Oregon’s Can’t-Miss Chance to Lead on Clean Trucks Is Here

This year, Oregon has the can't-miss opportunity to adopt the Advanced Clean Trucks and Heavy-Duty Omnibus rules. In doing so, Oregon will decrease reliance on fossil fuels and transitioning to clean energy in the transportation sector to protect hearts and lungs, benefit the climate, and boost the economy.


Artist: Andrew Schubert, Instagram

Brielle Stander is a contributing author for this blog.


Oregon is taking big strides toward its climate and clean air goals by proposing to adopt the Advanced Clean Truck (ACT) rule and the Heavy-Duty Omnibus (HDO) rule at this year’s final Environmental Quality Commission hearing on November 12, 2021. The ACT rule requires manufacturers to produce an increasing number of clean, zero-emission medium- and heavy-duty trucks beginning in model year 2025. Meanwhile, the HDO rule, among other things, imposes tough new air pollution standards on new heavy-duty vehicles.

From port cities like Portland to corridor towns along Interstate 5, transportation is the largest source of greenhouse gas emissions in Oregon. Four of Oregon’s top leading causes of death—heart disease, stroke, respiratory disease, and cancer—are connected to increased exposure to air pollution exacerbated by transportation emissions. Notably, low-income communities and communities of color are at a disproportionate risk nationwide and in Oregon to live, work, and go to school in areas of increased exposure to pollution. For example, in Oregon, African Americans, American Indians, and Alaska Natives have a higher prevalence of heart attacks than other racial and ethnic groups. At the same time, households with incomes below $20,000 are nearly three times more likely to have a heart attack than those over $50,000.

By adopting these rules, Oregon will join a handful of states, including Washington and California, leading the nation in protecting the climate and their citizen’s air. This year, Oregon must act swiftly to adopt the ACT and HDO rules and join other states in calling for robust national truck standards to be enacted by the U.S. EPA. Decreasing reliance on fossil fuels and transitioning to clean energy in the transportation sector protects hearts and lungs, benefits the climate, and is good for the bottom line.


Credit: Health Outcome Costs in Oregon. Photo Credit: Oregon Environmental Council

Boosting the Clean Energy Economy in the Beaver State

A recent independent consultant report by M.J. Bradley & Associates on behalf of NRDC and the Union of Concerned Scientists found that Oregon could realize health savings of over $1.8 billion by 2050 by adopting the ACT and HDO rules. Projected public health benefits include avoiding nearly 84,000 respiratory illnesses, 160 premature deaths, and 120 hospital admissions and emergency room visits.

The M.J. Bradley & Associates report also found that, on average, zero-emission trucks in Oregon can create over $76,000 in discounted fuel and maintenance cost savings over their lifetime. Oregon's fleet owners can expect to save more than $1 billion annually by shifting to zero-emission vehicles.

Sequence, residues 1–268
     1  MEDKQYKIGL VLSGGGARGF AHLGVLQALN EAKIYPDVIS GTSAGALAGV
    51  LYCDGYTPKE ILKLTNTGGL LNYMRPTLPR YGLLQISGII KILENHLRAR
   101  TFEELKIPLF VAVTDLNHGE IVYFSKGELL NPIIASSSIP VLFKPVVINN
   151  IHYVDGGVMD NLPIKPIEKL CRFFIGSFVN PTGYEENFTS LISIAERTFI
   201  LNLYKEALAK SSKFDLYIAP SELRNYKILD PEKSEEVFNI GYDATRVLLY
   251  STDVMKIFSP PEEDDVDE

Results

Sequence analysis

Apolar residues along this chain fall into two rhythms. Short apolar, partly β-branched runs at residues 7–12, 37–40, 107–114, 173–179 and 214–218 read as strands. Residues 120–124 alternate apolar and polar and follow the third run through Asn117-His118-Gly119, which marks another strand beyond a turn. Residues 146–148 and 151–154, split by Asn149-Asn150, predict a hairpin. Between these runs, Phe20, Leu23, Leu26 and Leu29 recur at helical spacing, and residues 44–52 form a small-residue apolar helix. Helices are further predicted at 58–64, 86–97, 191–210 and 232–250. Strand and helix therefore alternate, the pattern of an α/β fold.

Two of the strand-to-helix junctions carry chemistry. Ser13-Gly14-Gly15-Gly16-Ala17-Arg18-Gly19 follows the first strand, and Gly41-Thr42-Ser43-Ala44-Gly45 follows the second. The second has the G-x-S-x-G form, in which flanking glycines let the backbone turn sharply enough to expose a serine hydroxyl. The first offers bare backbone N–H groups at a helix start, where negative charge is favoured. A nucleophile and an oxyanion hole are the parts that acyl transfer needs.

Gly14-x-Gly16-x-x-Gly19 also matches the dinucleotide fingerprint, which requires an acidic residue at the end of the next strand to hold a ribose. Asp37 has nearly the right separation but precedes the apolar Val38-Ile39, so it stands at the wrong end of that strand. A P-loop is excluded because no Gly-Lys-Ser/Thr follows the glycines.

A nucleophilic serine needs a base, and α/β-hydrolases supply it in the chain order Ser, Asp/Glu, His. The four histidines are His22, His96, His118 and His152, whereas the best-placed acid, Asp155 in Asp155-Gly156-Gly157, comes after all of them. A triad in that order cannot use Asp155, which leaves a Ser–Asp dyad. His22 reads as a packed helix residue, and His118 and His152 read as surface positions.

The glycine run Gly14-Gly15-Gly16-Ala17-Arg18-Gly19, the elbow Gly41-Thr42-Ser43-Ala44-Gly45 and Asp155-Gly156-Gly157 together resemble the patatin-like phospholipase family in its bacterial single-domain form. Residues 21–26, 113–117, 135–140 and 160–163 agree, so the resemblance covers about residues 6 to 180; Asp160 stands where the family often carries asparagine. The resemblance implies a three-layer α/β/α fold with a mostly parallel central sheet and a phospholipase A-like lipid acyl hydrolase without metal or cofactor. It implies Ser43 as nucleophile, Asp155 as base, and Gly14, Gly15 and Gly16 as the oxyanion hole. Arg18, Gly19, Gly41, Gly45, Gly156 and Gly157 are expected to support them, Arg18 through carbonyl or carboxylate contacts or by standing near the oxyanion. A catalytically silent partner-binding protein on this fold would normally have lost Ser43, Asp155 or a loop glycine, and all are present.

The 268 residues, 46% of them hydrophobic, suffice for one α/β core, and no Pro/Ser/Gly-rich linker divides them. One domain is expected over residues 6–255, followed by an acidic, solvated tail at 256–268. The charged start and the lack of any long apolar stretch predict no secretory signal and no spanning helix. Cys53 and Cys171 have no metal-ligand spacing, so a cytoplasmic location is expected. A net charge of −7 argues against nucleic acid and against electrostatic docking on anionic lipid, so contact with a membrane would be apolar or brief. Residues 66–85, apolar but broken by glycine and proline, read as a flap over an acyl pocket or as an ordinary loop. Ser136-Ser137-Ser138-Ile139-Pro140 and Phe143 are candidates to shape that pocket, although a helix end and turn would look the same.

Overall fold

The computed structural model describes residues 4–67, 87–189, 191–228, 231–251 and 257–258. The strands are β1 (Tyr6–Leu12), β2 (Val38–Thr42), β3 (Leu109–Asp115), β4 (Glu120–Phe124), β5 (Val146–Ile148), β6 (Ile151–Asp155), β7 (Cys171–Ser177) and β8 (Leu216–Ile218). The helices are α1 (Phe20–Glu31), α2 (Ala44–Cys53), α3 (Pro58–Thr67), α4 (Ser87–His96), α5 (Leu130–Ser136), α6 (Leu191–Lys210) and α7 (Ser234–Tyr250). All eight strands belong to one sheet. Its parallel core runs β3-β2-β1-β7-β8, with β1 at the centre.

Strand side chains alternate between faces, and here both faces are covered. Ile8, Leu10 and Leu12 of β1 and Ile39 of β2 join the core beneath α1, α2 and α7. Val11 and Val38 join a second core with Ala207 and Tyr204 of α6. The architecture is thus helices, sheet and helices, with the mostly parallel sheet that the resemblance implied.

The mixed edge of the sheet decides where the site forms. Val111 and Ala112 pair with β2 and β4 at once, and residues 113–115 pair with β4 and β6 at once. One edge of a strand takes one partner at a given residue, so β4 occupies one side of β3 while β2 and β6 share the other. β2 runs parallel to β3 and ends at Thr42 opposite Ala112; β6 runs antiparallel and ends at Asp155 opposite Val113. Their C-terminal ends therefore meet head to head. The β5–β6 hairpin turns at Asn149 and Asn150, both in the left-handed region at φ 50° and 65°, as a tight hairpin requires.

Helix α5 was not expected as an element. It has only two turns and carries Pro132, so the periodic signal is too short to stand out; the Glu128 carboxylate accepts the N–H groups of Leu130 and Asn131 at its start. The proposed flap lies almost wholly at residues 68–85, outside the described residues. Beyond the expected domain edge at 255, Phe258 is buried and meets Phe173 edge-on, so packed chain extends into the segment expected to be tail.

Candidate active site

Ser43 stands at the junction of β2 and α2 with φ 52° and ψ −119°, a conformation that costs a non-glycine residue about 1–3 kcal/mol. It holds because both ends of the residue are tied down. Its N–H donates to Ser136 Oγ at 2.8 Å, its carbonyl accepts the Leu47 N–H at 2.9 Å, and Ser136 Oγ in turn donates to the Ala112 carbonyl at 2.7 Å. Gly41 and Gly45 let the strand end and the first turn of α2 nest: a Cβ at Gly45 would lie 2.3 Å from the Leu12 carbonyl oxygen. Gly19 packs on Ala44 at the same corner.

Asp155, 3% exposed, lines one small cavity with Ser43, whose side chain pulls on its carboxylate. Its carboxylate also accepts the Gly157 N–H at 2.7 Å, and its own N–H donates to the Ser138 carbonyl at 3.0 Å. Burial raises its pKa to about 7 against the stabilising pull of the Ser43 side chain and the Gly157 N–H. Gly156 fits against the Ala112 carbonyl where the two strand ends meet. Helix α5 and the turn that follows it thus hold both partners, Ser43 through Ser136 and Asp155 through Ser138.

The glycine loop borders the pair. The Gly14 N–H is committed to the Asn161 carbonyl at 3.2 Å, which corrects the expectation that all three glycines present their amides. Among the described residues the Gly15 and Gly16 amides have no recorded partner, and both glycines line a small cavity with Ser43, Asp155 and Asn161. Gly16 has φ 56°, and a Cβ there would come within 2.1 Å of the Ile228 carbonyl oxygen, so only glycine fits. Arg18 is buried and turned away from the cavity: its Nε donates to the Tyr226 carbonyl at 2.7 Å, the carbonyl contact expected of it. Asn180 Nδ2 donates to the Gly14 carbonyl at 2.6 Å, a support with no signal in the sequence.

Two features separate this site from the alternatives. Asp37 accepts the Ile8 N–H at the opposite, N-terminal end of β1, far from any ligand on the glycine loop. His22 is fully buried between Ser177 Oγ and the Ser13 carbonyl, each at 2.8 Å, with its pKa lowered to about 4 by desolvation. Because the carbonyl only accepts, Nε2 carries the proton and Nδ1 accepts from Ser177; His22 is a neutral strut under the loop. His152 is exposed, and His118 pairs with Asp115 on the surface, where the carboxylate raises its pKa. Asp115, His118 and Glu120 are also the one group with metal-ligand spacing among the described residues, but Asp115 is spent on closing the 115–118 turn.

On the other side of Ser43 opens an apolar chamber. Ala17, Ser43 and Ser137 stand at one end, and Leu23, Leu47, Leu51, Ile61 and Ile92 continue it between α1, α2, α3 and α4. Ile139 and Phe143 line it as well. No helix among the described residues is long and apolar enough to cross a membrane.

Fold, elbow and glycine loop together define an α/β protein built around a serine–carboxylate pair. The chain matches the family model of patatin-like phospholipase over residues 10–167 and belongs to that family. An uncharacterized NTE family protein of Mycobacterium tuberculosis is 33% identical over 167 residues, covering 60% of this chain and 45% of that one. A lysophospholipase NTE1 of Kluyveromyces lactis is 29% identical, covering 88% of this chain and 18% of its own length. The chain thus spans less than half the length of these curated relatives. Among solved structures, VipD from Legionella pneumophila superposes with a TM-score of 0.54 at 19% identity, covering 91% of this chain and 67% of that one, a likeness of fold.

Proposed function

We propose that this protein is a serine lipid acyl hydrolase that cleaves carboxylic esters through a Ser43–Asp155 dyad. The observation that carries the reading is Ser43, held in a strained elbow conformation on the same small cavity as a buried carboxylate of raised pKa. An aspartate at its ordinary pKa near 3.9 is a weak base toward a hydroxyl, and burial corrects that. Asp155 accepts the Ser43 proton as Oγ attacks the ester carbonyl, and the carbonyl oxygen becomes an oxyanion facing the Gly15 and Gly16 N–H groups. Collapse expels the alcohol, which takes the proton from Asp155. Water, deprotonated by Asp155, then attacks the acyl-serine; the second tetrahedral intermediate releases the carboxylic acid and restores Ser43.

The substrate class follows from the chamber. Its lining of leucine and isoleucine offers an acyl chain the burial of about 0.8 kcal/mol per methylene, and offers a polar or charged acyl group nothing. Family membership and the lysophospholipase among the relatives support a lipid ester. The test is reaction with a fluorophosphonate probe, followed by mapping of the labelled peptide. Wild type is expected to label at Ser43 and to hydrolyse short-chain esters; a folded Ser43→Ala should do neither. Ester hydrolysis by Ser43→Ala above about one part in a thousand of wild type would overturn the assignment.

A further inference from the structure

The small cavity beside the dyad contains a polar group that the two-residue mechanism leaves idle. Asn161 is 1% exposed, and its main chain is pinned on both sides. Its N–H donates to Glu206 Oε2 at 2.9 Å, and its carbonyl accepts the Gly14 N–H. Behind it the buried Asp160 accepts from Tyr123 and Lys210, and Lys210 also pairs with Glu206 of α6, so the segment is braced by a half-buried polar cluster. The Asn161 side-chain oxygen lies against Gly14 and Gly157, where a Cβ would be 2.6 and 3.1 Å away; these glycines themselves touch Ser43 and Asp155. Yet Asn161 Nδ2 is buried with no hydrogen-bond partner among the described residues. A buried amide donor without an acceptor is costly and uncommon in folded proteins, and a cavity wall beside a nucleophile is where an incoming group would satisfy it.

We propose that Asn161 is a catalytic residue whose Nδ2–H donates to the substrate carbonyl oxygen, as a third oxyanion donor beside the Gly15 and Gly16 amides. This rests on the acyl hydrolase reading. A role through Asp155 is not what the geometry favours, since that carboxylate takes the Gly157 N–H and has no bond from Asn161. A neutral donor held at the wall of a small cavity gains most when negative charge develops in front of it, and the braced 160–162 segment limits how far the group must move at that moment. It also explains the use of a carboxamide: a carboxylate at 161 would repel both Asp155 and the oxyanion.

But it’s not just truck fleets that will benefit. More vehicles plugging in to charge means greater electric grid utilization, driving down costs for everyone and likely saving household utility customers $70 annually and commercial customers $410 per year on electricity bills.

In addition to direct fleet savings, Oregon can expect to attract nearly $87 million annually through 2050 in public charging infrastructure investments to support electric trucks. For companies like Daimler Trucks North America (DTNA), headquartered in Portland, Oregon, these rules are an opportunity to accelerate and promote a clean vehicle transition. As DTNA’s CEO & President Roger Nielsen said, “As the largest manufacturer of commercial vehicles, we can accelerate this shift and are excited to address, holistically, the complete EV ecosystem.”

Douse the Flames and Ramp Up Action

Credit: Wildland Firefighter on the Bootleg Fire near Klamath, OR Photo Credit: U.S. Forest Service

This summer, one of the nation's largest fires, the Bootleg Fire in the Fremont-Winema National Forest, raged through Oregon, scorching a fiery pall across the country. Climate-related disasters, including increasingly intense and frequent wildfires—as well as the anxiety, fear, and distress associated with climate change’s uncertainty—are shattering people's lives and livelihoods. By opting into the ACT and HDO rules, Oregon can reduce greenhouse gas emissions from trucks and buses by 50 million metric tons, amounting to around $8.1 billion in societal savings from avoiding the adverse effects of climate change by 2050, according to the M.J. Bradley &Associates Report.

Given what’s at stake and clean truck rules’ substantial public health, economic, and climate benefits, Oregon can’t afford to delay and must finalize the ACT and HDO rules this year.


Artist: Andrew Schubert, Instagram

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